146. On 24 May, the body of a Palestinian man from Jerusalem was found on a side-road south of Ramallah (see list). The man, who had been shot twice in the head, was suspected by the Palestinian Authority of selling land to Israelis. Internal Security Minister Avigdor Kahalani ordered the police to give the murder investigation the highest priority. The Prime Minister's spokesman was quoted on Israel Radio as stating that land dealers were being murdered with the open encouragement of senior figures in the Palestinian Authority. This, he noted, raised a question mark over the Authority's readiness to maintain peaceful relations with Israel and observe human rights. The murder of the land dealer - the second to be killed while nominally under Israeli security protection as an Israeli citizen or Jerusalem resident with an Israeli ID card - followed a warning by Palestinian Authority Justice Minister Freih Abu Middein at a press conference in Ramallah on 20 May that "an Israeli identity card would not protect land dealers from the Palestinian National Authority". (Jerusalem Post, 25 May)

147. On 28 May, stones were thrown at Israeli vehicles travelling near Ramallah. An unidentified man responded by firing shots into the air to disperse the stone-throwers. No damage or injuries were reported. (Jerusalem Post, 29 May)

148. On 30 May, it was reported that a 60-year-old Palestinian had been found murdered by a gunshot to the head in Ramallah the previous week (see list). Palestinian security sources were quoted as saying that the man had dealt in land sales to Israelis. In a separate development, confrontations occurred between IDF soldiers and Palestinian Authority policemen at Rachel's Tomb in Bethlehem when 1,500 Palestinians demonstrated to protest the killing of Khalled Abu Dayyeh, who died of torture on 21 May. (The Jerusalem Times, 6 June)

149. On 4 June, gunmen opened fire at an IDF patrol near the Gaza border. There were no injuries and the soldiers returned fire. Israeli and Palestinian forces reportedly cooperated in searches for the gunmen. In another incident, a woman was slightly wounded by stones thrown at the car she was riding in near the Ofra settlement. In Jerusalem, thousands of visitors, most of them schoolchildren, took part in marches to mark Jerusalem Day. More than 1,000 police and border police deployed throughout the City where several clashes occurred between right-wing activists and Palestinian residents. In one incident, nine Hai ve Kayam activists tried to force their way onto Temple Mount to pray there but were detained for interrogation, together with another man who tried to obstruct the police. In another incident, dozens of Temple Mount Faithful activists staged a demonstration in front of Orient House and burned the Palestinian flag, demanding that Israel close the building. In yet another incident, a dispute broke out between Jewish marchers and several Palestinian residents; police forces had to separate the two sides. Two marchers were slightly injured. (Jerusalem Post, 5 June)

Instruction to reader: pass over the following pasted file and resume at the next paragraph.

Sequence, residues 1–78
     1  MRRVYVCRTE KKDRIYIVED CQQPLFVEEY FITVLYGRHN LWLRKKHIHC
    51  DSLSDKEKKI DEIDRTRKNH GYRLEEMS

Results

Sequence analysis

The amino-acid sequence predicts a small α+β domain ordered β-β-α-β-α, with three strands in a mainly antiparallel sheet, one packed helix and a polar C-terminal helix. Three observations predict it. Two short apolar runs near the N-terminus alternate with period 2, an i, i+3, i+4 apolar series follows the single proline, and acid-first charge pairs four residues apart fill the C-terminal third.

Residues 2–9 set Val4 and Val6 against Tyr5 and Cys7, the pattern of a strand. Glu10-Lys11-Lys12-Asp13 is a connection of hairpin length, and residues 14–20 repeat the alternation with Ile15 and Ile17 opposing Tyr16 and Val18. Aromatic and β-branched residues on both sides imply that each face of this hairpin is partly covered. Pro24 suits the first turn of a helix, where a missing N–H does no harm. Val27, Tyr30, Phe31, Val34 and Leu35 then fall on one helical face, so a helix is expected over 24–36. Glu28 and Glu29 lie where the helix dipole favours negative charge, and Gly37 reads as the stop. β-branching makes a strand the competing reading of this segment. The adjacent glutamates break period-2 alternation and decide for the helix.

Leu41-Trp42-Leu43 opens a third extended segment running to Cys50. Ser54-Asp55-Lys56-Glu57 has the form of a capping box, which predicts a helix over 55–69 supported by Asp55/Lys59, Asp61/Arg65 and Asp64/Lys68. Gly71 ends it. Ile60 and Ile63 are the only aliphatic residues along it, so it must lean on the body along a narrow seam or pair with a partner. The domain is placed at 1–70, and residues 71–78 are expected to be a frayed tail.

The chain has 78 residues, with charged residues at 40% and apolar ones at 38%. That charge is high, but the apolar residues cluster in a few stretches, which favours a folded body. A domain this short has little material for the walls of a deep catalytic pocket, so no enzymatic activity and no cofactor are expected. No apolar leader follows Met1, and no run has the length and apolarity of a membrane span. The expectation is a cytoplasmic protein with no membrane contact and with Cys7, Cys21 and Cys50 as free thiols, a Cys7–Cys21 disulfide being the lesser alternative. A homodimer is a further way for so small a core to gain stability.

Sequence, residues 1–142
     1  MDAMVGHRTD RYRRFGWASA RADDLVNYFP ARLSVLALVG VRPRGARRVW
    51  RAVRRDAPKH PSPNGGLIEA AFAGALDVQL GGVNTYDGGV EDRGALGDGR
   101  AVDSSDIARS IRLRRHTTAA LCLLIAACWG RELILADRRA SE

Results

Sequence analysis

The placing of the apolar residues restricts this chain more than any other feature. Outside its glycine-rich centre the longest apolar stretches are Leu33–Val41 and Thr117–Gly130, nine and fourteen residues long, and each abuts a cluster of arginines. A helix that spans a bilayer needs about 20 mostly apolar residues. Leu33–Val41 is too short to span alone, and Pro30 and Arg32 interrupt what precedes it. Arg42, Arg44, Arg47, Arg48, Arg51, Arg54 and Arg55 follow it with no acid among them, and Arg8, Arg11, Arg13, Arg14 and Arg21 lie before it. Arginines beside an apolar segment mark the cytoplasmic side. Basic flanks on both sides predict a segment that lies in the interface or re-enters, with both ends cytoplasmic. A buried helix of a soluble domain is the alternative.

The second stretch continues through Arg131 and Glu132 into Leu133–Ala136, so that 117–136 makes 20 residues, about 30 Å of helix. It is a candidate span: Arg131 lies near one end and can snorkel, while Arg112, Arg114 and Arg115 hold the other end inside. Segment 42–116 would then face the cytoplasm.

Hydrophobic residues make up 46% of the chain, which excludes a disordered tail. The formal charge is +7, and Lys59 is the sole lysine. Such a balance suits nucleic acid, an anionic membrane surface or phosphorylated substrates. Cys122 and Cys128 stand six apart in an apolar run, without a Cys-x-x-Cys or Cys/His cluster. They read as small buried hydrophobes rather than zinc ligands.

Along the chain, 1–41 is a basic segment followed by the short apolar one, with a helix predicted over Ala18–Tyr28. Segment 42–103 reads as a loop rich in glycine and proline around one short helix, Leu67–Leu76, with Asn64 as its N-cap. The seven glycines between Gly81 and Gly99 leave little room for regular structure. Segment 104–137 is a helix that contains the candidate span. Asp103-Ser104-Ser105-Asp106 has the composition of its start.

150. On 6 June, three home-made bombs were found and safely detonated by border police near the southern border of the Gaza Strip. Two Palestinian suspects were detained and taken for interrogation by the Israeli police. (Ha'aretz; Jerusalem Post, 8 June)

151. On 11 June, clashes were reported when the IDF tried to chase Palestinian protesters from lands slated for confiscation near Rafah in the Gaza Strip. (The Jerusalem Times, 13 June)

152. On 12 June, extremely violent clashes broke out between Palestinians and IDF soldiers in two areas of Gush Katif, resulting in the death of one Palestinian (see list) and the injury of up to four others. The first incident occurred in Morag, when hundreds of Palestinians entered the settlement and tore down a fence recently erected near the settlement's hothouses. They then proceeded to plant olive trees and put up Palestinian flags, claiming that the fence had been erected on their land. The IDF, which denied the charges, surrounded the Palestinians, preventing them from advancing further into the settlement. Rioting began and IDF troops fired rubber bullets and tear-gas to disperse the Palestinians. A few hours later, calm was restored to the area but a large IDF presence remained. The second incident occurred when hundreds of Palestinians blocked the Gush Katif junction and stoned Israeli vehicles shortly before a ceremony at the junction to unveil a memorial to Israeli soldiers killed by a Palestinian sniper in September during the clashes that had broken out following the opening of the Western Wall Tunnel exit. (Ha'aretz, Jerusalem Post, 13 June)

153. On 13 June, an Israeli woman was shot and slightly wounded by "terrorists" as she drove out of the Har Adar settlement north-west of Jerusalem. Six Palestinians from the nearby village of Bidu were arrested in connection with the incident. Twelve additional suspects from the villages of Beit Tsurif and Katana were arrested during the following days. (Ha'aretz, 15 June; Jerusalem Post, 15 and 17 June)

154. On 14 June, dozens of Palestinians were injured during clashes with IDF troops in Hebron. A border policeman was slightly injured by a stone. Aliya Hospital reported that 49 people had been injured by rubber bullets, six of them moderately and the rest slightly. The IDF rejected the report, claiming that only 10 people were slightly injured. The clashes broke out when several dozen youths started to throw stones and incendiary bottles at IDF soldiers stationed near Beit Hadassah. The soldiers responded by firing rubber bullets and tear-gas at the youths who were soon joined by other residents. Residents indicated that the reason for the demonstrations was the decision of the United States Congress to recognize united Jerusalem as the capital of Israel and to allocate $100 million for the transfer of the United States Embassy from Tel Aviv to Jerusalem. (Ha'aretz, 15 June)